New Codes and New Approaches for Code Division Multiple Access on Optical Fiber Networks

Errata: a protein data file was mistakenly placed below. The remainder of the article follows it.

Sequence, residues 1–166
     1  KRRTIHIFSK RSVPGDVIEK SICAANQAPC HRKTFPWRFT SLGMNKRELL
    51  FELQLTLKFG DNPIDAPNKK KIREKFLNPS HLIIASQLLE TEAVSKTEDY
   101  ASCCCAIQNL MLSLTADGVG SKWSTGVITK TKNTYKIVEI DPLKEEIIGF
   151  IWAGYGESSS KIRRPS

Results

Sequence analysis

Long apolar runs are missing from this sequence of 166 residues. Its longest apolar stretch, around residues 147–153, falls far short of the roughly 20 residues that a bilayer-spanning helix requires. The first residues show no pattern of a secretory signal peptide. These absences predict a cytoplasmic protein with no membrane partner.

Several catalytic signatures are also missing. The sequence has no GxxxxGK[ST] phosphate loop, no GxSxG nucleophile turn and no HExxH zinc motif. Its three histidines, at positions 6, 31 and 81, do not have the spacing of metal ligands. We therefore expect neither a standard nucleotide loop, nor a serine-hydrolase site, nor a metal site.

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This thesis concerns the use of optical fiber in a multi-user communication networks. specifically, it considers the use of code-division multiple access (CDMA) techniques that permit many users to share a single optical channel through the assignment of unique "signature sequences".<P>In most optical systems - where incoherent processing means that only signal intensity is measured - there are no negative signal components, and the effect on code design is profound. This was noted by Salehi and others in their design of optical orthogonal codes (OOC's).<P>The results in this thesis extend previous work on OOC's in several areas. First, we consider codes for which the auto- and cross- correlation constraints are not equal. We observe that the effects of the two constraints on system performance are not identical, and so considering only codes for which they are identical may lead to a sub-optimal code. Bounds on such OOC's are derived and techniques for constructing them are described.<P>OOC's with unequal auto- and cross-correlation constraints may be viewed as constant-weight unequal error protection (UEP) codes; therefore we in interpret the bounds and constructions in that context and compare them with previous work on UEP codes.<P>We develop bounds on the size of "variable weight" OOC's and demonstrate techniques for building them.<P>By considering the original CDMA system as an inner code and adding a channel encoder for each user as an outer code, we demonstrate a concatenated coding scheme that can improve system performance without increasing the weight of the OOC sequences.<P>A new approach to CDMA on optical fiber networks employing pulse position modulation (PPM) is developed. We propose assigning to each user in the network two signature sequences - a synchronization sequence and a data sequence. We stipulate the required properties of such sequences, and we demonstrate that in some cases more users can be accommodated with this approach than with the assignment of single sequences that "do it all".